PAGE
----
Propogation of Shocks in a High-Inflation Economy: Israel, 1980-85

24 Pages Posted: 10 Jul 2007 Last revised: 24 Jun 2010

See all articles by Leonardo Leiderman

Leonardo Leiderman

Tel Aviv University - Eitan Berglas School of Economics; Bank of Israel

Assaf Razin

Tel Aviv University - Eitan Berglas School of Economics; National Bureau of Economic Research (NBER); CESifo (Center for Economic Studies and Ifo Institute); Centre for Economic Policy Research (CEPR)

Date Written: August 1986

Abstract

The purpose of this paper is to provide empirical answers to questions related to the propagation of shocks in a high-inflation economy. Do one-time inflationary shocks give rise to long-term persistence, or inertia? Do balance of payments' shocks trigger a process that, through indexation and monetary accommodation, results in long-term changes in inflation? Within the context of a specific hypothesis, influential both in policy discussions and in economic analyses, the paper addresses these issues using Israeli data and vector-autoregression techniques. The evidence does not support the hypothesis that one-time nominal shocks have a persistent effect on the inflation rate, or the hypothesis that long-term changes in inflation are triggered by autonomous fluctuations in the trade balance.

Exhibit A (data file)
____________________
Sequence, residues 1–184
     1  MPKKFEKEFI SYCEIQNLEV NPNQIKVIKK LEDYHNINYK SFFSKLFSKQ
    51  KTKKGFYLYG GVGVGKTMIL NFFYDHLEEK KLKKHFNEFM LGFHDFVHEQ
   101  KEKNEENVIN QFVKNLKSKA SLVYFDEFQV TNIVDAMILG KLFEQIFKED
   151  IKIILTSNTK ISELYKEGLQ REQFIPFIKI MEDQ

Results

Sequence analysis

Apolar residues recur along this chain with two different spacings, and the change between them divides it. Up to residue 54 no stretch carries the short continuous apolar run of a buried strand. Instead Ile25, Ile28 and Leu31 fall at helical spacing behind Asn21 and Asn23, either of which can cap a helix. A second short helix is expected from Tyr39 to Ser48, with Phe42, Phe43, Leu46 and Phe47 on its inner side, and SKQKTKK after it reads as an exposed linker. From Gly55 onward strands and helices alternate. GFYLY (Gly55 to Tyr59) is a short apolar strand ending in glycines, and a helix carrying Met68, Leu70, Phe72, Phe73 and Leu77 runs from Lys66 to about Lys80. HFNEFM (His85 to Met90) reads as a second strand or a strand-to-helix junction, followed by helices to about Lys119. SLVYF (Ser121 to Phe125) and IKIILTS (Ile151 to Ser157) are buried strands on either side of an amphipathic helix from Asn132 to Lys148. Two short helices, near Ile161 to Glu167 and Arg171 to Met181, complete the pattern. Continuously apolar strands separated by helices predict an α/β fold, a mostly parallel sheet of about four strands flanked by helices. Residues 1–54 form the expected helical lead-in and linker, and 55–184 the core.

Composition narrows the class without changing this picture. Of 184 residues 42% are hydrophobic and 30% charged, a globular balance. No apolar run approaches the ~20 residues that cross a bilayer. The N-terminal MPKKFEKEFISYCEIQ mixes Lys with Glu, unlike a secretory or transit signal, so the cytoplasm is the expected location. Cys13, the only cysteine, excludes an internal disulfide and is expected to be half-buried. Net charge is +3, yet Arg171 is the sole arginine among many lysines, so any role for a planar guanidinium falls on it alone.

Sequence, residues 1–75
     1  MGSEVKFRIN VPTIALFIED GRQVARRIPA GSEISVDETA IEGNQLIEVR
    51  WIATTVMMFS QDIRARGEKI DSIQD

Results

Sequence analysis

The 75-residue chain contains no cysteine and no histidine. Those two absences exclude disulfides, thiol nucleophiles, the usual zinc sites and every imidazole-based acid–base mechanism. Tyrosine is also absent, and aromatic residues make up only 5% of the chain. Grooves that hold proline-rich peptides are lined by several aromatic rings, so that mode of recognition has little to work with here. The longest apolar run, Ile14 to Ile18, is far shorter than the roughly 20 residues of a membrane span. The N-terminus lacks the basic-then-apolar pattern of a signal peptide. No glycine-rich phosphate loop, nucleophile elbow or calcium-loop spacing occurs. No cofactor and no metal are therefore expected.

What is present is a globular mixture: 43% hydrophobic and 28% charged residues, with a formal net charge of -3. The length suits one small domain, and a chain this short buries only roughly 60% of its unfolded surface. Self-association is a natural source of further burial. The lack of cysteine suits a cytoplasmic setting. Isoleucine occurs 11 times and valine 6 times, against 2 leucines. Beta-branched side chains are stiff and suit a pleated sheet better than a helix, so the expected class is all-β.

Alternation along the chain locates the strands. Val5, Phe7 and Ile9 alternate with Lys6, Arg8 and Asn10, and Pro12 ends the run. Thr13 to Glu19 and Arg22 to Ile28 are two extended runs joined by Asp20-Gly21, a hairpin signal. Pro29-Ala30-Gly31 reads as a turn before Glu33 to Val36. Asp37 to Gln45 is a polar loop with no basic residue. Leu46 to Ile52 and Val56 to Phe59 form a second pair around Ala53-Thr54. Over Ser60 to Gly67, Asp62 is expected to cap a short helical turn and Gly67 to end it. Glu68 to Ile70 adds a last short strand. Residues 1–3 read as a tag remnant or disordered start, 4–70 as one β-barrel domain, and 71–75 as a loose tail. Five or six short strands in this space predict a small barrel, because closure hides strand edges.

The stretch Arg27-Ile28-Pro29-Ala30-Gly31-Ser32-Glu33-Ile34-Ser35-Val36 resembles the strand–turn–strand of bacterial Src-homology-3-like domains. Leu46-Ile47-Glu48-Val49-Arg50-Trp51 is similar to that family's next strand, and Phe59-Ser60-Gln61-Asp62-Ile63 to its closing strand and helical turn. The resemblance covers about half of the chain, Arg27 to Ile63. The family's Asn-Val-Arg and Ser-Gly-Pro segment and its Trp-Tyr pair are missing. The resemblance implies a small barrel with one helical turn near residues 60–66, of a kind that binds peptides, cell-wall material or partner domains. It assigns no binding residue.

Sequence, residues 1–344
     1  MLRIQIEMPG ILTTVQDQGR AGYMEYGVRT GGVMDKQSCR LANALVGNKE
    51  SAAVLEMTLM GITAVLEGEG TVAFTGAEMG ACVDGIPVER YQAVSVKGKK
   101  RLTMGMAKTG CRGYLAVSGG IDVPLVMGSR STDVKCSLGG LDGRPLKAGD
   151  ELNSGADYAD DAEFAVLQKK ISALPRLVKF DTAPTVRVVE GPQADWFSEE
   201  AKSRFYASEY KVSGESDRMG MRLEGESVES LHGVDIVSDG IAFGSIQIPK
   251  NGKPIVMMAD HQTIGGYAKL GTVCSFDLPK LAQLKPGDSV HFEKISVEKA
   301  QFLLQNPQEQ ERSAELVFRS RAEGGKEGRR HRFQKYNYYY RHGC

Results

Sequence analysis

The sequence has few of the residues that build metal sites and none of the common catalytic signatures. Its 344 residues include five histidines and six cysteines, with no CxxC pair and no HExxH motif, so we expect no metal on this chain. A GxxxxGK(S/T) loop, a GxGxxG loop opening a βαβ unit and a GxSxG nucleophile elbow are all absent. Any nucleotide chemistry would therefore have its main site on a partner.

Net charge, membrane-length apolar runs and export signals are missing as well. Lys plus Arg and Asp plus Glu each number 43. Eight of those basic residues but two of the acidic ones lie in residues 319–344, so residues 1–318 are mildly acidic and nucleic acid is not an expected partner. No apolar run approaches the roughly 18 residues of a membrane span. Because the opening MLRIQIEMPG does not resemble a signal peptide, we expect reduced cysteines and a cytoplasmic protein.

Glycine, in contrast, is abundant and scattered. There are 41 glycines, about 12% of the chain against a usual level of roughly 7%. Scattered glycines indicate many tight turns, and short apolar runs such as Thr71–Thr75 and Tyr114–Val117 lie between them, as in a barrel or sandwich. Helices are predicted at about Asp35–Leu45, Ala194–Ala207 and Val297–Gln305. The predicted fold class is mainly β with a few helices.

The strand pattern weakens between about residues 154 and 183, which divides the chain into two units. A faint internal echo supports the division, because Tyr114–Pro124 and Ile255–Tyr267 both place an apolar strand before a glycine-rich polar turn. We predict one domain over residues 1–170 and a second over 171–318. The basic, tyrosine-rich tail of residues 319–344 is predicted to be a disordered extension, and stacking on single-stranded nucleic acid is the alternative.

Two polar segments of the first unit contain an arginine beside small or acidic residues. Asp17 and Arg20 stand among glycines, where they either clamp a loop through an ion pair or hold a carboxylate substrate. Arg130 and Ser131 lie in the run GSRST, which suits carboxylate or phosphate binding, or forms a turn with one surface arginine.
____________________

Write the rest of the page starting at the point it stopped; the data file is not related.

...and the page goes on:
Suggested Citation

Leiderman, Leonardo and Razin, Assaf, Propogation of Shocks in a High-Inflation Economy: Israel, 1980-85 (August 1986). NBER Working Paper No. w2003. Available at SSRN: https://ssrn.com/abstract=344802

Leonardo Leiderman (Contact Author)

Tel Aviv University - Eitan Berglas School of Economics

P.O. Box 39040
Ramat Aviv, Tel Aviv, 69978
Israel

Bank of Israel

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Jerusalem, 91907
Israel

Assaf Razin

Tel Aviv University - Eitan Berglas School of Economics ( email )

P.O. Box 39040
Ramat Aviv, Tel Aviv, 69978
Israel
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+972 3 640 9908 (Fax)

National Bureau of Economic Research (NBER) ( email )

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CESifo (Center for Economic Studies and Ifo Institute)

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Germany

HOME PAGE: http://www.CESifo.de

Centre for Economic Policy Research (CEPR)

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United Kingdom

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